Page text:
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Carl Frampton Emulates McGuigan in Dramatic Victory Over Leo Santa Cruz

Leo Santa Cruz vs. Carl Frampton

Saturday, July 30 saw former unified Super Bantamweight champion Carl Frampton (23-0, 14 KOs) move up to 126 pounds, and defeat three-division champion Leo Santa Cruz (32-1-1, 18 KOs), taking his WBA Super World Featherweight championship in the process.

The office scores were 114-114, 117-111 and 116-12.

With this feat, Frampton replicated history, by winning the WBA Featherweight title that his mentor, Barry McGuigan, won over 30 years ago.

Furthermore, Frampton also became the first two-division champion from Northern Ireland.

The day before, both fighters comfortably made the Featherweight limit for their fight, which took place at Barclays Center in Brooklyn, New York.

Santa Cruz weighed in at 125½ pounds, and Frampton weighed in half a pound lighter.

In Round 1, Frampton had success on the back foot, landing crisp, fast punches on the head of Santa Cruz. In the midst of inside fighting, Round 2 took a dramatic turn, when Frampton’s left hook counter-shot forced Santa Cruz to fall back into the ropes.

The subsequent rounds replicated the early success Frampton had, with proficient counter-punching being on show. Frampton’s boxing wit was also displayed, by moving to the side after landing a punch, to evade the straight-lined attacks of Santa Cruz.

It became clear that Santa Cruz, based on previous fights, was not able to walk his opponent down as profusely, which can be attributed to the power of Frampton, and the fact he did not struggle to make the Featherweight limit.

However, several rounds later, Frampton’s intensity seemed to depreciate, encouraging Santa Cruz to force Frampton on the back foot more than usual, and take home the rounds. Shortly after, Frampton pushed Santa Cruz back, resulting in an end-to-end battle.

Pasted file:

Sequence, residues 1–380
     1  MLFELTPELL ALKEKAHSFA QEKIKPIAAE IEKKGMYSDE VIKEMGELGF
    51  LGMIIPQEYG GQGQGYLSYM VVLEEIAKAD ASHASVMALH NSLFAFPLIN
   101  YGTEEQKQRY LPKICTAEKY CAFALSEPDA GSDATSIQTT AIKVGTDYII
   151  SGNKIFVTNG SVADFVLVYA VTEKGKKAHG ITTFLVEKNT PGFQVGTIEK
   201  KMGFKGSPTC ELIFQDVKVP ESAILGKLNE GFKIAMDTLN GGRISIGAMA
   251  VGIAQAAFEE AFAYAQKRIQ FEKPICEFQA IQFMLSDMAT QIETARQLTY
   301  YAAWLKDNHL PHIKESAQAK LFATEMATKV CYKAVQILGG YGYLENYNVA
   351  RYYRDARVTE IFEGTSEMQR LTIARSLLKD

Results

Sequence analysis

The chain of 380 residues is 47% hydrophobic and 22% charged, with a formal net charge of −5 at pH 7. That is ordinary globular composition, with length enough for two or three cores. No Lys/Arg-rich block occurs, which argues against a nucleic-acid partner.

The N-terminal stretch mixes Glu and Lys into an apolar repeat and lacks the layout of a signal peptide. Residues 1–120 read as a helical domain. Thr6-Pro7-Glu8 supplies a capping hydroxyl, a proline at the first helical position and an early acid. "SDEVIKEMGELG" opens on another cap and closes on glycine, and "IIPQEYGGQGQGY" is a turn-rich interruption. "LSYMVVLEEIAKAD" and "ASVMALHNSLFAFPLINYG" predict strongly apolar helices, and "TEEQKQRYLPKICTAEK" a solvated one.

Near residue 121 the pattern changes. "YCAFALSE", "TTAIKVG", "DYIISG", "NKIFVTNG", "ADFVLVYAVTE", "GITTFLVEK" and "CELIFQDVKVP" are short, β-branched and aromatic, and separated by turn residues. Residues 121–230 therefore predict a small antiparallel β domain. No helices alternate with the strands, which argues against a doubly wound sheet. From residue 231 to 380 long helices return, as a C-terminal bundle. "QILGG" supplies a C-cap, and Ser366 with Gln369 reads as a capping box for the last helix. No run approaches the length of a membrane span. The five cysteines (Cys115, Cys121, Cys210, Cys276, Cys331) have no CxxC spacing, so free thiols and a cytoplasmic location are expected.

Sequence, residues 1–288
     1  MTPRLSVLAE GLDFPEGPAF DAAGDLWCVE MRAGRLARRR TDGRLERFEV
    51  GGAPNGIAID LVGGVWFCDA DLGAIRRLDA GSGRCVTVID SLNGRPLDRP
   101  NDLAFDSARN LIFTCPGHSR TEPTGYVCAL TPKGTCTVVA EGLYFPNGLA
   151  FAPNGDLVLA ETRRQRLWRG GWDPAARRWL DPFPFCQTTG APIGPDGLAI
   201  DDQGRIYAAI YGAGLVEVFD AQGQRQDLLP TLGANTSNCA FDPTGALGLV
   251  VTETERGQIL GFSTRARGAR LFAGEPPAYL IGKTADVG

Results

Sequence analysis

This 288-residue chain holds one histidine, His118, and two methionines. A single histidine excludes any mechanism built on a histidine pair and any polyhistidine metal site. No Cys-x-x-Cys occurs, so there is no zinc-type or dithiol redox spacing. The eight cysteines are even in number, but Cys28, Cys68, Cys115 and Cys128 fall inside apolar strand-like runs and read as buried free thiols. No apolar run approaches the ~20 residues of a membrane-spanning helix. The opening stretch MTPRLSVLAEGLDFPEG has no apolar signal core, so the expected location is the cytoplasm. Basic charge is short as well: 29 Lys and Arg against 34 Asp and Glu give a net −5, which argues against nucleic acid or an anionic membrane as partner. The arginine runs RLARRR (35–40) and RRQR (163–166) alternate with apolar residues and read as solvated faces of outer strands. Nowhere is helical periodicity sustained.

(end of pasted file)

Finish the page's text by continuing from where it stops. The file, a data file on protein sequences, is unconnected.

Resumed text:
In the last few rounds, fatigue had clearly started to affect Frampton, which was shown by his defensive lapses. This allowed Santa Cruz to capitalize with his combination punching, and arguably win the latter rounds.

The fight ended with both fighters swinging relentlessly. As a consequence, this made the fight all the more difficult to judge a clear winner, due to the constant change in tides throughout the duration of the fight.

“It’s a dream come true. I had the dream of winning a world title and I won it, but I never thought I’d win in two divisions. It was a tough fight, I wanted it to be a tough fight because I wanted a fight the people could remember. I respect him a lot. He was a true warrior,” said Frampton.

Overall, Santa Cruz vs. Frampton was a prime example of how two fighters at the top of their game can produce a competitive, dramatic, and captivating spectacle for boxing fans.

Consequently, a call for a rematch would certainly be justified.

“It’s hard to get your first loss, but now we’ll go back to the gym, we’ll get the rematch and we’ll win. And that loss will mean nothing. I want to have a rematch in Los Angeles, but I’ll go to Belfast too,” said Santa Cruz.

Photos by Marilyn Paulino/RBRBoxing

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